Environmental shocks and higher education: How did an earthquake and air pollution influence college access and graduate mobility?

CHAIR: Dr. Po YANG, Graduate School of Education, Peking University, China
Dr. Wei LU, Hangzhou Normal University, China
Ms. Yulian CAO, Graduate School of Education, Peking University, China
Mr. Zekai ZHONG, Graduate School of Education, Peking University, China

The quest for the innovation-driven growth has motivated nation states, regions, and cities competing for higher education graduates with favorable admission and graduate employment policies. However, environmental shocks are controversial factors which push college applicants and graduates away from particular localities. These shocks provide rare opportunities to identify causal drivers for domestic mobility of college students.

In this talk, we will discuss the effect of environmental shocks in China using the national college entrance examination database and graduate surveys. The first two studies utilized the difference-in-difference model to estimate the effect of a severe earthquake, the 2008 Wenchuan earthquake in Sichuan province. The studies report a negative and significant impact of the earthquake on local high school graduates’ National College Entrance Examination standard scores. The earthquake lowered the prospective students’ access to elite colleges and opportunities to pursue a major in a high-salary field. For college graduates, the earthquake exposure increased one’s mobility out of Sichuan. The third study finds that air pollution in college towns pushed graduates into pursuing employment in cities with better air quality, due to health awareness, the opportunity effect and the welfare effect.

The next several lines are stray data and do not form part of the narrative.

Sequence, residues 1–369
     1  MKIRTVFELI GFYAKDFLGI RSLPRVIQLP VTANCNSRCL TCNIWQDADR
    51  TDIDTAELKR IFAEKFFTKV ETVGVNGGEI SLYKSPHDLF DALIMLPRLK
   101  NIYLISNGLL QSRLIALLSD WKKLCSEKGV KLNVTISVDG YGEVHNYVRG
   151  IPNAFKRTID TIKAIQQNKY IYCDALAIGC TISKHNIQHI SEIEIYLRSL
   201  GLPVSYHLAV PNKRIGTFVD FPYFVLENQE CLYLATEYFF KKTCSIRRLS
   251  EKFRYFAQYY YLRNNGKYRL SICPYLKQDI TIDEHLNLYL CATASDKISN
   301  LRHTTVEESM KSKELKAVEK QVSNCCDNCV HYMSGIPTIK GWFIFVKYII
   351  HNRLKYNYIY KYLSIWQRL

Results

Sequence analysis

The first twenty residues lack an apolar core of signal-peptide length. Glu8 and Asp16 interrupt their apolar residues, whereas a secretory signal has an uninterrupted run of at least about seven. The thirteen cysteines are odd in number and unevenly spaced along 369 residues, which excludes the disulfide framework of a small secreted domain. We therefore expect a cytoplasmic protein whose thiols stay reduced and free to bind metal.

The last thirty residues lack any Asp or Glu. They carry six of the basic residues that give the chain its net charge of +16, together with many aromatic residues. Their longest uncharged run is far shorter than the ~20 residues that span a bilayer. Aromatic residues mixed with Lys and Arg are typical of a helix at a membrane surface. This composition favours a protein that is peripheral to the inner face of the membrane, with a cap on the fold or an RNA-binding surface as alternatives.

The talk will add to current understanding of the impact of natural disasters on higher education and domestic mobility of college graduates.